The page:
WHILE next year is bound to be a challenging one, especially amid the synchronised slowdown, there are still opportunities to be had, says Socio-Economic Research Centre executive director Lee Heng Guie.
Speaking at the second SME Thought Leadership Forum this year, he said, “I think there are a lot of headwinds this year and these headwinds will likely continue into next year, but there are also opportunities.” The half-day forum, held at Menara Star in Petaling Jaya, was titled “Business Highlights for 2020.”
The seasoned economist gave his perspective on the points of inflection and opportunities to look out for in 2020, which would determine the global and local economic outlook for Malaysia’s smaller businesses.
The ongoing United States-China tension had dampened global trade and investment, which he noted would require China’s government to remain focused on immediate and medium-term measures to sustain its economy.
It is facing lacklustre growth, with its ability to sustain a 5.6% to 6% growth depending on the outcome of its trade war with the US, as well as its internal policy prescription to reform the economy to be more resilient and flexible.
An important point Lee raised was that the central banks globally had aggressively cut interest rates, an “aggressiveness we have not seen since the 2008 and 2009 financial crisis”, noting that the current worry was that 2020 would bring about a global recession.
In the Malaysian context, he said private consumption supported the country’s economy and in turn, determined Malaysia’s economic growth. In this, he pointed out domestic political developments and policy as other key factors as well.
Small and medium enterprises (SMEs) need to look into “low-hanging” fruits such as the services sector in light of Visit Malaysia 2020, alongside other opportunities including those in the digital economy.
“[Budget 2020] is a budget for the future, because these are the thrusts and measures to address short-term and medium-term competitiveness and prepare Malaysia for the future; a big chunk of this is about gearing up for digitisation and moving industries forward,” he added.
SMEs cannot be reluctant to change and must be proactive in accessing knowledge and information in the market by approaching the relevant trade agencies, Lee opined, adding that government loans and grants were not healthy as businesses must be sustainable. Lee also stressed on the importance of innovation and creativity. With technology helping to lower cost of production and improve process efficiency, he said, “You must be creative and innovative in the areas of product marketing as well as marketing and technology adoption. You must create the right digital platform.
FinTech Association of Malaysia partnership director and PolicyStreet co-founder Wilson Beh then elaborated on digital economy initiatives in Budget 2020, which SMEs could leverage for growth or to tap into opportunities.
Kicking off with a brief overview on the digital economy and the fourth industrial revolution (IR4.0), he went on to cover the biggest trends in digital technology, including artificial intelligence in robots, the Internet of Things, cloud computing and cybersecurity — areas that SMEs tend to neglect.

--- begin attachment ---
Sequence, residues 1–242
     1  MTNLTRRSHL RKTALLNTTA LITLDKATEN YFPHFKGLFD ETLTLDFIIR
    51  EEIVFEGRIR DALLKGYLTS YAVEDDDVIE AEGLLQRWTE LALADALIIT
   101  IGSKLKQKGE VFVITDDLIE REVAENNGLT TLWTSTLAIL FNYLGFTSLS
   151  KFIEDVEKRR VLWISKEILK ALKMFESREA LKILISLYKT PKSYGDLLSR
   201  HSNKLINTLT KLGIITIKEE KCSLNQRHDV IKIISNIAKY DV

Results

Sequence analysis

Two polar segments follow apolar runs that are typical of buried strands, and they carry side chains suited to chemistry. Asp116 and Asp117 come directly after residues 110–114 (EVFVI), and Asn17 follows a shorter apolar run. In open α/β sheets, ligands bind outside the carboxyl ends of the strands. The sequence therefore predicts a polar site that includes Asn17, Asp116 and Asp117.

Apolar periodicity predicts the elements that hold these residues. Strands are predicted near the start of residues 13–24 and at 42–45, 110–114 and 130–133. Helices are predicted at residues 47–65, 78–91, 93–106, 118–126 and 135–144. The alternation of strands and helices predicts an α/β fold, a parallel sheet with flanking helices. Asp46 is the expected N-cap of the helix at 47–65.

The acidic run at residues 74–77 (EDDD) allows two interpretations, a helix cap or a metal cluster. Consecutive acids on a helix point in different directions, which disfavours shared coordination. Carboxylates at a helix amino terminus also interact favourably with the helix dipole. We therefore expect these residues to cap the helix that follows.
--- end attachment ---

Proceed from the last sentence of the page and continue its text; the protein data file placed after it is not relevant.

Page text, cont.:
Beh pointed out that all the successful companies constantly in the public eye, which consumers use daily, had one thing in common, technology. He cited Facebook, WhatsApp, LinkedIn and Twitter as examples.
“The key takeaway from these emerging or new business models is that all of them are actually data companies. They are in different verticals, offering different services, but the core of their business is in data.
“Data is the most important element in your business, so if your business is in the process of generating, analysing and processing data, I think it will be very powerful,” he opined.
In addition, Beh shared several key steps to embracing digital innovation as an SME. He said, “You must first lay a firm foundation for digital success. Assess your current state of innovation...how open are you in adopting digital transformation? Secondly, it has to be very realistic, so you have to be clear on the future model.
“I think this is the biggest issue because it is very hard to manage and balance legacy technologies with new ones.
“Think about digital transformation in a holistic manner for the whole business. A lot of people think that digitalisation belongs to the work of a tech or IT team. How do you get your people to work together even when they are not from the IT sector?”
Leveraging core strengths
Beh also stressed on the importance of opening up digital initiatives to create a new ecosystem with customers, shareholders and stakeholders.
During the forum, CIMB Islamic Bank Bhd commercial and transaction banking regional head Hussam Sultan relayed key takeaways to the attendees, including the relevance of the Islamic economy and halal certification to businesses.
He explained that halal certification had no relevance to religion, but was about ethical consumerism. “It is about commerce and how much access this certification will give to certain products to certain markets.
“The commercial aspects of these products and the consumer demand have become more clearly advantageous to businesses when businesses realise that just by having a small certification, they will have access to a wider audience and a larger pool of buyers.”
Noting that the size of the Islamic economy was growing at a higher rate than most economies, Hussam also identified six sectors SMEs could look into, namely halal food, modest fashion, medical tourism, Muslim friendly travel, halal pharmaceuticals and halal cosmetics.